Life is fast for Gen Z. Constantly surrounded with text messages, tweets, snaps, dm’s and other digital clutter, people of this generation face an endless game of tug of war for their attention. Information must attract and maintain one’s attention or it’ll be lost with all the other data floating around the internet. This is entirely where the tool of information visualization shines. Infographics are nothing new in the year 2022. In fact, humans have been visually representing data for centuries. However, today’s infographics and visualizations are unique due to current technology. With advancements such as the cell phone, the internet, etc., data is readily available for most computer software to use and generate some form of infographic. Additionally as devices become even more sophisticated it seems that the infographics become more personalized for each individual. Whether it be the number of flights a person climbed for the past month or one’s listening habits for the last year, infographics are inundated with personal habits for each individual. This report will share common infographics that are generated using data from one’s habits in the form of a timeline. Which you can find below.
This timeline was made by using Timeline.js, a website and software that was created by the Knight Lab at Northwestern University. Timeline.js utilizes Google Sheets in order to populate the data points in the timeline. The URL is then copied over from Google Sheets and pasted into Timeline.js where the URL specific to the live timeline is finally produced. I found most of my sources through searching Google. I knew which main infographics I wanted to feature due to prior experience with them. I mostly needed sources to figure out the dates at which the described products were made or introduced to the public. I tried to choose photos that displayed actual features and information that users would see when using the tools described in my timeline. You can find my Google Sheets data here.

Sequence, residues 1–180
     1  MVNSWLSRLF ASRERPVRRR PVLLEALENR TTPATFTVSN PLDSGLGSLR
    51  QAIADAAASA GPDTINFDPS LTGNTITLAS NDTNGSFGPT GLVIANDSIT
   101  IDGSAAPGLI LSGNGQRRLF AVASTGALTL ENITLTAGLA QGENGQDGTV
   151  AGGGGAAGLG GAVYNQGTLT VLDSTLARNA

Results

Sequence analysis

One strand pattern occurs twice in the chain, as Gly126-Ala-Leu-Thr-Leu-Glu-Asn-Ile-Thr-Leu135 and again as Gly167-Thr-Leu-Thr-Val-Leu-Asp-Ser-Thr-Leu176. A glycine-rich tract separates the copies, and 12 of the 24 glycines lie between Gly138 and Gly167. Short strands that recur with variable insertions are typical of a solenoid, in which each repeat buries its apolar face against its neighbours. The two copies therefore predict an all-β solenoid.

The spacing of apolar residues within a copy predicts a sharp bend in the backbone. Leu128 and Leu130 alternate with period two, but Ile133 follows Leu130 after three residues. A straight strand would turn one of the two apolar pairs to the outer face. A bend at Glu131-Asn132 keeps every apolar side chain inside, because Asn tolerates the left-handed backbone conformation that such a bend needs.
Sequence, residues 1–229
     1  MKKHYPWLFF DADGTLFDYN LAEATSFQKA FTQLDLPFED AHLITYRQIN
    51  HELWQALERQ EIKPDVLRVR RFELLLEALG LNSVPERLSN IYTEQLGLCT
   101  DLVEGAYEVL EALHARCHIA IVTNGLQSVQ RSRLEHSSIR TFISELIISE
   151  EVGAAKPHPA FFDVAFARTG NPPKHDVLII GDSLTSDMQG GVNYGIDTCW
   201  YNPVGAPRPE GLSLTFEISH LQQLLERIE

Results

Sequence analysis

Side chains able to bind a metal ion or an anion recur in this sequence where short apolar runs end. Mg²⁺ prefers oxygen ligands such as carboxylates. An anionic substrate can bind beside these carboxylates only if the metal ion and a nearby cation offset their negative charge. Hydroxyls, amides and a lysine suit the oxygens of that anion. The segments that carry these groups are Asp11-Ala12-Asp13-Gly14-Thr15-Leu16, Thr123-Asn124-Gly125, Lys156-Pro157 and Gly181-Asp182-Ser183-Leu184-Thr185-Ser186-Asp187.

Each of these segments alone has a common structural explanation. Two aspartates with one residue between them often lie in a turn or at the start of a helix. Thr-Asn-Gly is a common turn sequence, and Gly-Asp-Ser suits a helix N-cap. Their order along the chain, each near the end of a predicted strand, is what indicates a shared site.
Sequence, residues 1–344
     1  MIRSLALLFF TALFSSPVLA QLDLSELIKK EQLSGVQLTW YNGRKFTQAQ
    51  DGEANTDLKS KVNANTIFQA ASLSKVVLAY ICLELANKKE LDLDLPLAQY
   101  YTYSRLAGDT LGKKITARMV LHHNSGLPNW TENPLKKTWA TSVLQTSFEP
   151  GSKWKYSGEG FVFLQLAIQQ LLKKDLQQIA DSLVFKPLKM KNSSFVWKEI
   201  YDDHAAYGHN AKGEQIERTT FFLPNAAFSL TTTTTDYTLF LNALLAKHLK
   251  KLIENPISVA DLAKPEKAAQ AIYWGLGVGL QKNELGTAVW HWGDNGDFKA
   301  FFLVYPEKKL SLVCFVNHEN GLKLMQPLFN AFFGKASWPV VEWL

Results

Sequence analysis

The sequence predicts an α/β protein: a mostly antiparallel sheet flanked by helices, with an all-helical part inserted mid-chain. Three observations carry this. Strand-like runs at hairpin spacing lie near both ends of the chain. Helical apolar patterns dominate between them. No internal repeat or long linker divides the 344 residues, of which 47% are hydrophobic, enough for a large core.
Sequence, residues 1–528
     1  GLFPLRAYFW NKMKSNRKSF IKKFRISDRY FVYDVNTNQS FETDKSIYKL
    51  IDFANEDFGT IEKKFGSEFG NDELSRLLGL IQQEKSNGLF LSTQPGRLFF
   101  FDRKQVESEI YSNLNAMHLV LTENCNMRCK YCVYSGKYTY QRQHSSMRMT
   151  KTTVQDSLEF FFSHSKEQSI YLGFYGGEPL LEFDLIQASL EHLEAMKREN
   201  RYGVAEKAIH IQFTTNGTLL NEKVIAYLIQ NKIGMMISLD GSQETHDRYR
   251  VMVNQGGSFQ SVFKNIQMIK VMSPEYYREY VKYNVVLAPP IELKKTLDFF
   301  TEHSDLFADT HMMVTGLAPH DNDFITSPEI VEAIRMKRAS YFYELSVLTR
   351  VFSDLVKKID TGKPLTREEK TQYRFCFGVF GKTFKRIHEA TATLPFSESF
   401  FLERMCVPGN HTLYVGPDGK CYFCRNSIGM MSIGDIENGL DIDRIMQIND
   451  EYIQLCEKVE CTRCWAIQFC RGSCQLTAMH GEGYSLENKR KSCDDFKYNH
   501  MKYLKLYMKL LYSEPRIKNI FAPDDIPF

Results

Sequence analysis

To make my timeline I followed the instructions above. Timeline.js provides a Google Sheets template that is pre-filled with some sample data to show how the tool works and display what maps to what. In terms of rationale, I thought a decent amount of my images were already pretty colorful so I thought it would be nice to have a dark background to have the images pop and provide examples of the features of each interface and product. I wanted to make sure each photo had a credit tag that links to where I found the photo, but they are listed in the references down below as well. Since the photos were also primarily product shots, I felt that they did not need captions.
I was personally surprised to see how much happened during the last ten years. Almost all of the products I’ve mentioned felt like they’ve been around for even longer. One concern about the use of personal data to make infographics is privacy. All of these products require a large amount of computing data as constant monitoring of users. Privacy concerns have been becoming more and more vocal alongside the advancements made in tech, so it will definitely be worthy to monitor the development of all these technologies.
In terms of what I’d do differently, I would spend more time connecting the technologies I researched. I had a hard time grouping the elements of my timeline into a title. I also feel like I could’ve gotten away with a bit more personalization despite my goal of mostly having product shots that display the infographic being discussed. It’s hard to decide what’s distracting and what’s under-stimulating or boring.